Does it make sense to get a credit card that's tied to a bank account? If your credit score is in the poor range, a secured credit card can be a very good choice.
Here's how a secured credit card works.
Even if you have no credit or poor credit, a bank may be willing to issue you a secured credit secured credit card because it's not taking the risk of losing money. It collects either way.
A secured credit card offers several benefits. First, it can provide access to credit for people who wouldn't otherwise qualify for a credit card. If you've ever tried to make a plane or hotel reservation without a credit card, you know how important that piece of plastic can be in today's society. A credit card also comes in handy in many business and social situations.
Second, a secured credit card can help build or rebuild your credit score, since banks usually report your payment activity on that card to the major credit bureaus (Equifax, Experian and TransUnion). If you maintain good habits - paying your bills on time and keeping your card utilization rate at 30 percent or below -- your credit score should improve as you demonstrate that you can handle credit responsibly.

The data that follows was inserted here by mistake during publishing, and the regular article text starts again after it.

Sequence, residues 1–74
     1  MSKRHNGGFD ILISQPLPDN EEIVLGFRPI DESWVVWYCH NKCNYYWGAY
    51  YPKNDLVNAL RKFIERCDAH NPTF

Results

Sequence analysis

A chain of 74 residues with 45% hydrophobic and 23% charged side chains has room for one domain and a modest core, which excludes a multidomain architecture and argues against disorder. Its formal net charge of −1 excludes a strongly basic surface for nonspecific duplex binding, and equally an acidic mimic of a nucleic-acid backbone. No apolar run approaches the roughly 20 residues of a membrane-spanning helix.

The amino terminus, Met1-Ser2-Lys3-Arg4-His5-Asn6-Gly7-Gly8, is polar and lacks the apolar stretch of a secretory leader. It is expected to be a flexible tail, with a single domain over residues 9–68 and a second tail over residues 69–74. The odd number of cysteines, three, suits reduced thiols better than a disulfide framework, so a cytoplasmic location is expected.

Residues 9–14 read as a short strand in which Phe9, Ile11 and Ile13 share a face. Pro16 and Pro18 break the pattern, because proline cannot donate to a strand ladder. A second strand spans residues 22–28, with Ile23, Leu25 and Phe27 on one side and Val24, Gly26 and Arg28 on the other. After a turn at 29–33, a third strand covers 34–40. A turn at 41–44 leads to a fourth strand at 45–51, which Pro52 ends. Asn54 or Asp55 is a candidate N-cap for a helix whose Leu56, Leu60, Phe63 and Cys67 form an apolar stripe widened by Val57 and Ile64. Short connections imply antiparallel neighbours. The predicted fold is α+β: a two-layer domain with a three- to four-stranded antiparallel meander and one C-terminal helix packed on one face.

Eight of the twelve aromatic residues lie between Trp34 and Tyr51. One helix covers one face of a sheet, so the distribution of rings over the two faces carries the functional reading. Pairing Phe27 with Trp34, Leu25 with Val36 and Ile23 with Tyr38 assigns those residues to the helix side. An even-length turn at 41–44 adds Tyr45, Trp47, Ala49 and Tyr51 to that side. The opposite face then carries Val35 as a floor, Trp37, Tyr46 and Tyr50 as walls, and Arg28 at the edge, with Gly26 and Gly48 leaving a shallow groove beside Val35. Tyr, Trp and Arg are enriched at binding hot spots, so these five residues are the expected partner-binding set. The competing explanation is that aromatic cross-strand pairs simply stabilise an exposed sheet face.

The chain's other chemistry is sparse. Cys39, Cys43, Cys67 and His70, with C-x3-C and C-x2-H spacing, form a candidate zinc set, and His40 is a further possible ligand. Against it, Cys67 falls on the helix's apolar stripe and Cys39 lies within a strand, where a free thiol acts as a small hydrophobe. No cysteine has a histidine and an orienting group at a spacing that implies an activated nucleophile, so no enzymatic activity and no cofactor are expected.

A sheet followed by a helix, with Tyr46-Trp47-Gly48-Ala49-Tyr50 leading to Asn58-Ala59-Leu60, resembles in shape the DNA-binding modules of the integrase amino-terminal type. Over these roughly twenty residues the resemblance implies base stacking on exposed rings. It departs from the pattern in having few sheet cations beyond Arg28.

Third, a secured credit card can help you control your spending habits. Your credit is limited to the amount you have in your account. You can't get in debt over your head with a secured credit card.
There are many secured credit cards available today, but some are definitely a better deal than others for the account holder.
You'll want to avoid cards that charge you an up - front application fee or a monthly fee to maintain the account. Make sure you ask when you're applying if there are any other fees associated with the account.
Compare APR (annual percentage rates) on a few secured cards. The rates are going to be high, as they would be for any card that's issued to a poor credit risk, but you may be able to find one with a slightly lower interest rate. (Better yet—pay off the card balance each month. That way you won't be paying any interest.)
Make sure that the bank reports your card usage to a credit bureau. That's very important if you want to use this card as a means of rebuilding your credit record or establishing a good credit history.
Finally, don't confuse a prepaid debit card (sometimes referred to as a prepaid credit card) with a secured credit card. There are many differences between the two, but the most important - if you want to improve your credit score - is that banks do not report prepaid card activity to credit bureaus. Stick with a secured credit card if rebuilding credit is one of your goals.
One secured credit card offer currently available on the CreditCardXPO.com site is from Capital One. The Capital One® Secured MasterCard® requires a minimum security deposit of $49, $99 or $200, depending on your credit history and application information. That minimum deposit will get you a credit line of $200. To get more credit, you can increase the security deposit up to a maximum of $3,000.
The card also carries an annual fee of $29, and a variable APR that's currently 24.9 percent.
Check out our website for more details on this and other secured credit cards.